When Suat Serdar arrived at Schalke in July 2018, he came as a replacement for Leon Goretzka, who recently joined Bayern Munich. However, Serdar never really settled at the club in his first season. There were glimpses of his quality but there were also doubts if the 22-year-old had what it takes to make it at Schalke. Nonetheless, as we all know, things can change very quickly in football. Since David Wagner took over, Serdar’s production has increased with almost every single aspect of his game. This contribution has not been lost on Germany coach Joachim Löw as well, who nominated him for the first time in October 2019.
Serdar has fitted in perfectly into Wagner’s new pressing-intense system. His priority both with and without the ball is forward penetration. The German Turk is predominantly an advanced central midfielder. He plays as a free-roaming 8 and operates on the left of a midfield diamond. Within Schalke’s system, Serdar is encouraged to join in with the attack where possible and arrive in the box. Since Serdar is right-footed, he likes to dribble inside when receiving the ball in the left half-space.
Serdar describes himself as a box to box midfielder. A box to box midfielder also has to manage his defensive duties, which is exactly what Serdar does. Due to his superb work ethic, he covers plenty of ground over 90 minutes and is very effective during defensive transitions.
Progressing the ball
At a young age, Serdar already is one of the better midfielders in the Bundesliga at progressing play in a positive manner through his dribbling. His athleticism where he combines both the initial burst and speed, allows him to gain ground moving vertically. Apparently, Wagner has also encouraged him to dribble more frequently and the numbers suggest he was right to do so. Serdar completes 2.7 dribbles per 90 while attempting 4.16 (64.9%).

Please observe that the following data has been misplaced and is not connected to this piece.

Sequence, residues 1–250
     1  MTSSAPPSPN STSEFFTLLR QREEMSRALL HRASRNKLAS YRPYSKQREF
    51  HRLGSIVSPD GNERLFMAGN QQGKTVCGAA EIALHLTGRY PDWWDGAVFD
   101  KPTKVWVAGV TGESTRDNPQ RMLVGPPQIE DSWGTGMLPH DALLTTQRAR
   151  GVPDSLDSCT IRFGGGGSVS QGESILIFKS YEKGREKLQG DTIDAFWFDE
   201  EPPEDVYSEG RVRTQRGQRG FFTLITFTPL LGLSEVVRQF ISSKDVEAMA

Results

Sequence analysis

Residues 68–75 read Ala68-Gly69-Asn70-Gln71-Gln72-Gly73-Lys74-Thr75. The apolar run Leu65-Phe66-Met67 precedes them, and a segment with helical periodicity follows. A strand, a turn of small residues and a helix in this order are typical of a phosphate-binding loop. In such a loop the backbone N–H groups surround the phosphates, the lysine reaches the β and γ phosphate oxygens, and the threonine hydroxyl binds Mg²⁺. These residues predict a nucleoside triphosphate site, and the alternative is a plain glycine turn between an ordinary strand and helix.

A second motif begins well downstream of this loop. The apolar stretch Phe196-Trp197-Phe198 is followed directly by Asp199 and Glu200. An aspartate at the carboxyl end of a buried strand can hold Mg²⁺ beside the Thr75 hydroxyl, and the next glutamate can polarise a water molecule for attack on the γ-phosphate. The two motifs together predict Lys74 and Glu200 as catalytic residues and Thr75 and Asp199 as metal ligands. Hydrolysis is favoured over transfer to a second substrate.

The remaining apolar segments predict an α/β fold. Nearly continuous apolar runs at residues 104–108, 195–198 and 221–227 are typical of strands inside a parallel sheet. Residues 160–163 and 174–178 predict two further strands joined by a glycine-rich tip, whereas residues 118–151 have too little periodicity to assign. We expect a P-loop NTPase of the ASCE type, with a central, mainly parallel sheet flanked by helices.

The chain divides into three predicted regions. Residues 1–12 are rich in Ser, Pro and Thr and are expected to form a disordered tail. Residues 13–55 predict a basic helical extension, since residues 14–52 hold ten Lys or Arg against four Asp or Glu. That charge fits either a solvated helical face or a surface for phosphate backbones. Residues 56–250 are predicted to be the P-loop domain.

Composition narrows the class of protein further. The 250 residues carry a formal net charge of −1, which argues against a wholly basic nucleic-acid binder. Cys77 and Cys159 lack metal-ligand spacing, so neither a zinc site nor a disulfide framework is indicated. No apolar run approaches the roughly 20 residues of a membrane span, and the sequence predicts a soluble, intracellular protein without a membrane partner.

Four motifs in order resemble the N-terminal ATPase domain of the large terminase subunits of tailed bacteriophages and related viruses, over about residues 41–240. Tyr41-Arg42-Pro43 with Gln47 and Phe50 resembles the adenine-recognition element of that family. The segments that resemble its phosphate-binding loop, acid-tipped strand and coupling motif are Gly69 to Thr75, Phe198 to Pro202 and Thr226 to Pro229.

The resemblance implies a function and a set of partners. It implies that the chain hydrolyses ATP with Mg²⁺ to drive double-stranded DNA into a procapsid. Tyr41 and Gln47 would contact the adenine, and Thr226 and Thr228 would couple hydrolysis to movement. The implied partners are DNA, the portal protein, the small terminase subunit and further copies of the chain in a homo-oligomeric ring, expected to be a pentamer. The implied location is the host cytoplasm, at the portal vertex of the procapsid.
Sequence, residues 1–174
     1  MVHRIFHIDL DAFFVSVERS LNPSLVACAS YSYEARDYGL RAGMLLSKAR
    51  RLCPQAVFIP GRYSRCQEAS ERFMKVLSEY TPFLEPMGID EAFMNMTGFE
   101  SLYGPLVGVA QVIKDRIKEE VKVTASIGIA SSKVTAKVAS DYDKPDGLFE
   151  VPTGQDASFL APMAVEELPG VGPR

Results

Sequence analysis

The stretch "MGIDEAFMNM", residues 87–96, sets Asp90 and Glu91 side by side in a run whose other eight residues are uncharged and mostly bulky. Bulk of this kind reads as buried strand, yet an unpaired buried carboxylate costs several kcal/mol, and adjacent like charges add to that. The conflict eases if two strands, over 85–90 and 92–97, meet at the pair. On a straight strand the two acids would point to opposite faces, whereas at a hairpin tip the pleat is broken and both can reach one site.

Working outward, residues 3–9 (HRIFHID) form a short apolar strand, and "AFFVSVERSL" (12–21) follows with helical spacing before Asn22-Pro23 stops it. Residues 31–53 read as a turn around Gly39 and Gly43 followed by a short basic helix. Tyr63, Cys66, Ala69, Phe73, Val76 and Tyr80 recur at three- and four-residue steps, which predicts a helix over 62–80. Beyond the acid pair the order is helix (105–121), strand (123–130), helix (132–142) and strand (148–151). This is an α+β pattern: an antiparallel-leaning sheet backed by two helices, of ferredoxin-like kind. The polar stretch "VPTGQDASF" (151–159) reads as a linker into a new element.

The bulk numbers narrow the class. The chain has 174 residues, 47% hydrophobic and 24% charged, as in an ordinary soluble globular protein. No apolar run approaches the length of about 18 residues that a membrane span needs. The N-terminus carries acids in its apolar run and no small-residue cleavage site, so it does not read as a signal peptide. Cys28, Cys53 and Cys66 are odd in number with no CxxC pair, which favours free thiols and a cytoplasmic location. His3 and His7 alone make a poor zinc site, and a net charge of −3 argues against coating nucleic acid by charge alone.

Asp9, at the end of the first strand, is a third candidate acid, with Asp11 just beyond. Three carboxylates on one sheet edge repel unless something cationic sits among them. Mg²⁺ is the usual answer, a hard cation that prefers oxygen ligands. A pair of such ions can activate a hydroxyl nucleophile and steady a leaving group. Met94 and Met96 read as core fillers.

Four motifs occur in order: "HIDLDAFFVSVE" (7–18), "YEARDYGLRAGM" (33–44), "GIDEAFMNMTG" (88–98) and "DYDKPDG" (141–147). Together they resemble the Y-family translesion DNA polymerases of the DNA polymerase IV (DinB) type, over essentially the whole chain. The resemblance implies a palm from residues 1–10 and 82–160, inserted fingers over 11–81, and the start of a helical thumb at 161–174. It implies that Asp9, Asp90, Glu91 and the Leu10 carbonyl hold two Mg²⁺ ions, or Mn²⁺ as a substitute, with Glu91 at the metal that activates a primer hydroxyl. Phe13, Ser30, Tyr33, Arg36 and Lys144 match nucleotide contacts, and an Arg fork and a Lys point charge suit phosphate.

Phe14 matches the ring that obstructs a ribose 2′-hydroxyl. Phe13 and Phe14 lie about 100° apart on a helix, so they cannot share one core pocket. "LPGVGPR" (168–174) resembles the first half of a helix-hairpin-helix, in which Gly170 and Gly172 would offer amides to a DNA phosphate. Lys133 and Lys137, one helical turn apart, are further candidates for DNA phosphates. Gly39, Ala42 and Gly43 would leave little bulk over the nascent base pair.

The example below illustrates these abilities. Receiving the ball in the left half-space, Serdar always seeks options to progress the ball forward, either with a dribble or a pass. Here, he is able to evade from his defender and make a run towards the penalty area.
Even with three defenders, Leverkusen are not able to stop him from playing a through pass to Benito Raman.
Among the things that Serdar is great at within open play is also his ability to operate in tight areas. With small, disguised feints, he is capable of dribbling his way out of pressure. That’s particularly impressive within the final third of the pitch. Below we can see an instance of him retaining possession against several defenders and eventually slipping the ball back to Amine Harit.
Serdar possesses a lot of the tools you want from a modern-day zone mover combining athleticism with a fluidity to manoeuvre within tight spaces. That being said, he also benefits from the tactical dynamic of a team that sees a lot of space in midfield. This comes due to their transition-heavy attack, in which Serdar is not expected to monopolize possession. Notwithstanding his abilities in tight areas, the 22-year-old flourishes most when given the freedom to carry the ball to create attacking situations.